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Style of the Week: American Amber Ale!

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May 8, 2015 by fhsteinbart


Here we see a good representation of the American Amber Ale served in a typical pint glass. Nice foam stand too!

Here we see a good representation of the American Amber Ale served in a typical pint glass. Nice foam stand too!

Whenever you call a beer a name based on its color, you’re going to have a lot of debate on what constitutes that beer in the way of flavor, aroma, and character. In my opinion, Amber Ale is a more caramelly version of American Pale Ale (APA). While sweeter in the finish than an APA, the OG and the hopping rates are similar. What differences exist are in the finish (in this case, the terminal gravity or TG), and the color (which is due to an increased amount of either caramel, or character malts) of this beer. Amber color varies quite a bit as well, since no two people see the same color in quite the same way. If you were to  taste a cadre of several Amber beers, you’d find a lot of variability, but a common theme throughout, representing my previously mentioned differences. So if you have a decent Pale Ale recipe, you could use that as a starting point in creating a proper Amber Ale. In the recipe below, I’m going to use both caramel, and specialty grains to make for a nice, slightly sweeter, higher body beer that will have good malt structure, with a nice counter posing but balanced bitterness, and a lowered, but noticeable hop character. This makes for a very drinkable beer, which is richer and fuller than the Reds that are now taking the area over as they are drier, crisper, and hence hoppier than the similarly colored Ambers. Below is the recipe I call Amber waves of grain:

Extract:

6 lbs. Extra Light DME

¾ lb. Crystal 40 malt

¼ lb. Victory Malt

1 oz. Goldings Hops (bitterness)

1 oz. Willamette hops (flavor)

1 oz.  Liberty hops (aroma)

Wyeast 1056, WLP001, or US-05 Ale yeast

Procedure:

  • Heat ¾ gallons of water to 165°F.
  • Add steeping grains to kettle and steep for 30 minutes.
  • Remove grains, and rinse with 165°F water
  • Turn off heat and add malt extract, stirring until fully dissolved.
  • Return to Heat, bring back to boil.
  • After 10 minutes, add the bittering hop addition.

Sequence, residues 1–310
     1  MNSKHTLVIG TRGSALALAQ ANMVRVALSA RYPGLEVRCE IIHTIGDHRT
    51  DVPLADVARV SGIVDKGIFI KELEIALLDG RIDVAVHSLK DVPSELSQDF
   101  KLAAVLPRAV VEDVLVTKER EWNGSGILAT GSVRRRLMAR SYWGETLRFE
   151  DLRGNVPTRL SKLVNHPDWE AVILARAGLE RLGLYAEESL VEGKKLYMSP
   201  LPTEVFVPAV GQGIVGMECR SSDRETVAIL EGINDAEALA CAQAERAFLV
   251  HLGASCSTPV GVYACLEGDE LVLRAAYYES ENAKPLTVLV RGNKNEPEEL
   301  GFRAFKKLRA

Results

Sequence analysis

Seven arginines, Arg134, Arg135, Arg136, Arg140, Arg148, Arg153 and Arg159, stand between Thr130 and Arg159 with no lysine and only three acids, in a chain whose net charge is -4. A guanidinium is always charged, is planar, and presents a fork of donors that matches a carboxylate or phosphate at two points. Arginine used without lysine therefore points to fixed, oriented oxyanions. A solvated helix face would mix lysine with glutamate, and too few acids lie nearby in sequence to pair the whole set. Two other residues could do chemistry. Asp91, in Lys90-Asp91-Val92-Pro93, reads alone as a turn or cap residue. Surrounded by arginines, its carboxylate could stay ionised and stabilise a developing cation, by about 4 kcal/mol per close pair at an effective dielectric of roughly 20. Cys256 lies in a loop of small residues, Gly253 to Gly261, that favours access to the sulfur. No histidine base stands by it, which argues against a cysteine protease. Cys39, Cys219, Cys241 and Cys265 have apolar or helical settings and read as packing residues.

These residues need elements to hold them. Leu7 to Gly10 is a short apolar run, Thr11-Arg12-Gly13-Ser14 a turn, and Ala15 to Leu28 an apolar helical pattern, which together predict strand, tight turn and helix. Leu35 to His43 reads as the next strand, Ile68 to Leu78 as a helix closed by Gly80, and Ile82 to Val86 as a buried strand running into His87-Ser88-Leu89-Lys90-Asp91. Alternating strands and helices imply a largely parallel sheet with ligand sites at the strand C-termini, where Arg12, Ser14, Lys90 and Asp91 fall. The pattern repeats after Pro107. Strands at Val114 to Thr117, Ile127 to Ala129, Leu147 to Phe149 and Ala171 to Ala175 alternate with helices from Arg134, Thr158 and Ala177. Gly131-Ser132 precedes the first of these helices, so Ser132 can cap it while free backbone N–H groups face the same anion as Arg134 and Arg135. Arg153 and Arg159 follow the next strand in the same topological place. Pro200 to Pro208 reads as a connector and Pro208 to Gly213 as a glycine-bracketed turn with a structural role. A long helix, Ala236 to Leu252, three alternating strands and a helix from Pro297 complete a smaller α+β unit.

• At 20 minutes remaining, add the Whirlfloc tablet or Irish Moss.
  • At 15 minutes remaining, add the flavor hops.
  • At knockout, add the aroma hops, then cool the mixture by placing kettle in an ice bath or use a wort chiller. Add the mixture to the fermenter, removing the hops, and bring total volume to 5 gallons using distilled, bottled, or filtered tap water.
  • Aerate unfermented wort (shaking works well).
  • Pitch yeast and ferment at 65°~68°F for 7 to 10 days.
  • Allow to age an additional two to three weeks before packaging up as usual.

All Grain:

10 lbs. Pale Ale Malt

¾ lb. Crystal 40 Malt

¼ lb. Victory Malt

1 oz. Goldings hops (bitterness)

1 oz. Willamette Hops (flavor)

1 oz.  Liberty hops (aroma)

Wyeast 1056, WLP001, or US-05 Ale yeast

¾ gm. Brewing (Burton) Salts per gallon (~3.75 gms. or 1 level tsp.) in the mash and in the boil.

Procedure:

Infusion mash at 154°F for 1 hour. Sparge to 6.5 gallons of wort, and bring to a roiling boil. Add the bittering hops 10 minutes into the boil. Continue boiling for 40 more min. then add Whirlfloc tablet or Irish moss.  At 45 min. then add flavor hops. At knockout, add the aroma hops, then cool the mixture by placing kettle in an ice bath or using a wort chiller. Add mixture to fermenter, removing hops, and aerate unfermented wort (shaking works well). Pitch yeast and ferment at 65°F to 68°F. Gravity may vary depending on system efficiency, so adjust accordingly.

Package up as usual; bottled versions should use 100 gms. corn sugar (approx. ¾ cup), or kegged to 20 psig, and allow two weeks to come into condition. Serve at 50°~55°F in an American Pint glass, share, and enjoy! This beer will continue to evolve and change over the coming months, so make enough to last you through your next brew.

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